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J Invest Dermatol. 2006 Mar;126(3):569-74.

Photodynamic therapy does not prevent cutaneous squamous-cell carcinoma in organ-transplant recipients: results of a randomized-controlled trial.

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  • 1Department of Dermatology, Leiden University Medical Center, Leiden, The Netherlands.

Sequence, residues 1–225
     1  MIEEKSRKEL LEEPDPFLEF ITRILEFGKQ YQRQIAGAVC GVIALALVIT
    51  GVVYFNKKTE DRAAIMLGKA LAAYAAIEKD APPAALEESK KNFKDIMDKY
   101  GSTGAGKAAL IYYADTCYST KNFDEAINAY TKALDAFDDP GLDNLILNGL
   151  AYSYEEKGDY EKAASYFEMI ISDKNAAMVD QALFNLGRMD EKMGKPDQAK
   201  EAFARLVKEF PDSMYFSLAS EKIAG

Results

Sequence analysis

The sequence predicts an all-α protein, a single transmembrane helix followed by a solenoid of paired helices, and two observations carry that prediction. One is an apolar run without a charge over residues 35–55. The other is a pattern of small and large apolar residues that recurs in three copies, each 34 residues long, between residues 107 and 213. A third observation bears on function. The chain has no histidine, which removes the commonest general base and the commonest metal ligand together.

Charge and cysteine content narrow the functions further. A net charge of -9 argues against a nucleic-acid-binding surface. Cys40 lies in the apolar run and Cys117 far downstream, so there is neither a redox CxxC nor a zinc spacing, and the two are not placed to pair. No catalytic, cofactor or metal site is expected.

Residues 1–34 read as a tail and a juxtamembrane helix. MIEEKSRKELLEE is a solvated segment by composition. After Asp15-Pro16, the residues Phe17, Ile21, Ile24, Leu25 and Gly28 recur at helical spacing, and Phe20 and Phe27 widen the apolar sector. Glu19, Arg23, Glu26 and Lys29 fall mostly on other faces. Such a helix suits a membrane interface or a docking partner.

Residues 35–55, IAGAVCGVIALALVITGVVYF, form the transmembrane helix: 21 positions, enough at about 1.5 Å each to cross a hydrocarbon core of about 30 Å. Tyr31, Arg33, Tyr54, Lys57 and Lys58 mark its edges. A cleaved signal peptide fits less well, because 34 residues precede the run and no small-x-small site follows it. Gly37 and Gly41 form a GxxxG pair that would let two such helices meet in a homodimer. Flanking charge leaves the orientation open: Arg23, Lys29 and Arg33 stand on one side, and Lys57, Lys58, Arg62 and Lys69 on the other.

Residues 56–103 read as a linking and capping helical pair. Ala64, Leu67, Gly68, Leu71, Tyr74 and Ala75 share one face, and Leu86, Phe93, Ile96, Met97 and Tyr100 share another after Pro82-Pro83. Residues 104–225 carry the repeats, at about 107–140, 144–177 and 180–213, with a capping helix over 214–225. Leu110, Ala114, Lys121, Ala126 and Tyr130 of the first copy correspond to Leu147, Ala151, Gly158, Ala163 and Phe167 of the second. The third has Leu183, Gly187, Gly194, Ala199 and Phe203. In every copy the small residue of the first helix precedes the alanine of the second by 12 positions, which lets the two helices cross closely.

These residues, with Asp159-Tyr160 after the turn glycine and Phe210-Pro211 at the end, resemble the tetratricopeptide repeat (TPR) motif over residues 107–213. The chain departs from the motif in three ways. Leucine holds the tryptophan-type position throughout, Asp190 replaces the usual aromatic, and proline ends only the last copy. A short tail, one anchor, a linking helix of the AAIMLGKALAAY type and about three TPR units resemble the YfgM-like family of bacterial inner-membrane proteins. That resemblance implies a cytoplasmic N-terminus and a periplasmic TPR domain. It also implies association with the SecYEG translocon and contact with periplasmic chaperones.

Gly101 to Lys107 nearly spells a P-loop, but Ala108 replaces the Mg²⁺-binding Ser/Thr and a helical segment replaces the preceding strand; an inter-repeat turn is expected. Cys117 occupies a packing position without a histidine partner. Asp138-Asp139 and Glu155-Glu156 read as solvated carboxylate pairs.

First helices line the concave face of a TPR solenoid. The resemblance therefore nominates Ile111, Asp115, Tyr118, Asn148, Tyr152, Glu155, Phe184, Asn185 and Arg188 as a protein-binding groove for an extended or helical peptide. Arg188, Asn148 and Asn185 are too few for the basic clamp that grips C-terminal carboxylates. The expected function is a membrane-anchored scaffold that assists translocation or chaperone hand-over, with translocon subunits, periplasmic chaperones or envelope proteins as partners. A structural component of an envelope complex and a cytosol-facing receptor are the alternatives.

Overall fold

A randomized-controlled trial with paired observations was performed with 40 organ-transplant recipients to assess the preventive effect of photodynamic therapy (PDT) on the development of new squamous-cell carcinomas and to evaluate the effect of PDT on the number of keratotic skin lesions. The treatment area consisted of a randomly assigned forearm and the corresponding hand, whereas the other forearm and hand served as the control area. After the initial visit, follow-up visits were scheduled at 3-monthly intervals during 2 years. No statistically significant difference was found in the occurrence of new squamous-cell carcinomas between the treated and untreated arms: after 2 years of follow-up, we observed 15 squamous-cell carcinomas in nine out of 40 PDT-treated arms and 10 squamous-cell carcinomas in nine out of 40 control arms. The number of keratotic skin lesions increased in both arms, but was less pronounced in the PDT-treated arm. After 1 year of follow-up, a trend in favor of the PDT-treated arm was observed, but statistical significance was not reached. Nearly 80% of the patients reported mild to severe adverse effects consisting of pain and a burning sensation, immediately after the treatment. No long-term adverse events were noted. In conclusion, PDT does not appear to prevent the occurrence of new squamous-cell carcinomas in organ-transplant recipients, but to some degree, reduces the increase of keratotic skin lesions.

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